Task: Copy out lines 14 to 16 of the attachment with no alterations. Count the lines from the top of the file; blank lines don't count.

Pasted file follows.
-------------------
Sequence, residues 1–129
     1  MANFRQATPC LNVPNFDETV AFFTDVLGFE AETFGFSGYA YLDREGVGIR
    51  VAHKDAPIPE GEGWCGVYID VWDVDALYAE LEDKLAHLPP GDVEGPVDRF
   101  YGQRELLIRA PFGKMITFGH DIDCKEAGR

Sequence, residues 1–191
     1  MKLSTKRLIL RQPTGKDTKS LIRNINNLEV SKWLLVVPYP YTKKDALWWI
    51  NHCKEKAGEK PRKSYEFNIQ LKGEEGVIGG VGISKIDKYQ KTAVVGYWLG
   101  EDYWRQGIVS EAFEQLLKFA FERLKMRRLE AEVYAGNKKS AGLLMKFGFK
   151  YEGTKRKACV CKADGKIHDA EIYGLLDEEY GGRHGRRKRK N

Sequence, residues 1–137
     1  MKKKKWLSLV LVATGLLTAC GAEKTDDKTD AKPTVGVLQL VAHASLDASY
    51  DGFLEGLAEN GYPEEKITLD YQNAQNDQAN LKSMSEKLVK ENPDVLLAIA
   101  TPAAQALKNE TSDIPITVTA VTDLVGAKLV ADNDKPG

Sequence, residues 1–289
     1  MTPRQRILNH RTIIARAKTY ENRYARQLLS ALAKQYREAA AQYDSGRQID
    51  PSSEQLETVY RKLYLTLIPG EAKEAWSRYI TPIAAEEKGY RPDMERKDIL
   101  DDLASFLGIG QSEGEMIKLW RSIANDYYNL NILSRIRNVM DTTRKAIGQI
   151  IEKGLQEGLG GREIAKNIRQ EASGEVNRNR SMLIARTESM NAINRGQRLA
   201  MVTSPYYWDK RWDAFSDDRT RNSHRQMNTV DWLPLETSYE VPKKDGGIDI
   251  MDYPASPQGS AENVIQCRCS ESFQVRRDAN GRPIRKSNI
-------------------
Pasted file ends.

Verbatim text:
Sequence, residues 1–289
     1  MTPRQRILNH RTIIARAKTY ENRYARQLLS ALAKQYREAA AQYDSGRQID
    51  PSSEQLETVY RKLYLTLIPG EAKEAWSRYI TPIAAEEKGY RPDMERKDIL